As mobile phone owners continue to become more familiar with their devices, a new study found they are now starting to recognize the data security implications they can pose. However, though the awareness is there, bad habits are still prevalent.
According to AdaptiveMobile's second Global Security Insights Mobile report, 83 percent of surveyed mobile phone users are concerned with the data stored on their devices, while 69 percent are concerned about identity theft issues.
Comparatively, only 48 percent of respondents said they worried about the handsets themselves.
At the same time, the study also found that many mobile phone users fail to practice good data protection. Fifty percent of respondents said they would open an SMS text message even if they didn't recognize the sender. Nearly a third said they save their login information and passwords on their phones.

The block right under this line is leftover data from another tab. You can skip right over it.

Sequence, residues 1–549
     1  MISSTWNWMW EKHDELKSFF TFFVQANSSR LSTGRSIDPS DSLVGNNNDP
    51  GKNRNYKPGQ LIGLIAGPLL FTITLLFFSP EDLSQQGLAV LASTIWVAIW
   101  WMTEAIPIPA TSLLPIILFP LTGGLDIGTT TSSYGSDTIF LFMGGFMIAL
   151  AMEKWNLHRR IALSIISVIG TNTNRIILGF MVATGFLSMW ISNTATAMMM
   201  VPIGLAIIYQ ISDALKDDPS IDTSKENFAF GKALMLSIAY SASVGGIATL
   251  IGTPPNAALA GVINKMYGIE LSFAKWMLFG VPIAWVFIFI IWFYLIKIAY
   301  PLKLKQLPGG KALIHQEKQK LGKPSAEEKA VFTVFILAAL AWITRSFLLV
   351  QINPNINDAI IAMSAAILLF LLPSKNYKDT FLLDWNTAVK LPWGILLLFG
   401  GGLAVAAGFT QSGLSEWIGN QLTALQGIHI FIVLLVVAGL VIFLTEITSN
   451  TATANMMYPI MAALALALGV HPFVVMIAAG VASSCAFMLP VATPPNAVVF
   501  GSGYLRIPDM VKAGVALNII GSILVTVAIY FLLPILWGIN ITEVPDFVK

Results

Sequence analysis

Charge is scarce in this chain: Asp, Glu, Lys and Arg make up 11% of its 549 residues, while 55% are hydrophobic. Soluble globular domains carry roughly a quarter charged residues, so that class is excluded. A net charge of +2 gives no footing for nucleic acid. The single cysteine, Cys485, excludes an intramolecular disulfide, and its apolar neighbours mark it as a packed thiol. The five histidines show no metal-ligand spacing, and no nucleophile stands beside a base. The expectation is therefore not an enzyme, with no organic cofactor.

These findings are disconcerting, considering recent estimates by research firm IDC, which predicted the global smartphone market will grow 55 percent this year. According to IDC's report, smartphone shipments will reach 472 million this year and nearly 1 billion by 2015.
"The smartphone floodgates are open wide," said IDC senior research analyst Kevin Restivo in a press release. "Mobile phone users around the world are turning in their 'talk-and-text' devices for smartphones as these devices allow users to perform daily tasks like shopping and banking from anywhere."
However, though both enthusiasm and adoption of smartphones are up, it is evident that owners must improve the way they use the devices to avoid exposing sensitive information.
Business can help move this along by adopting mobile practices into their data security policies. Also, equipping mobile devices with antivirus software and other data protection tools will provide additional assurance that sensitive corporate information will not be exposed by the devices.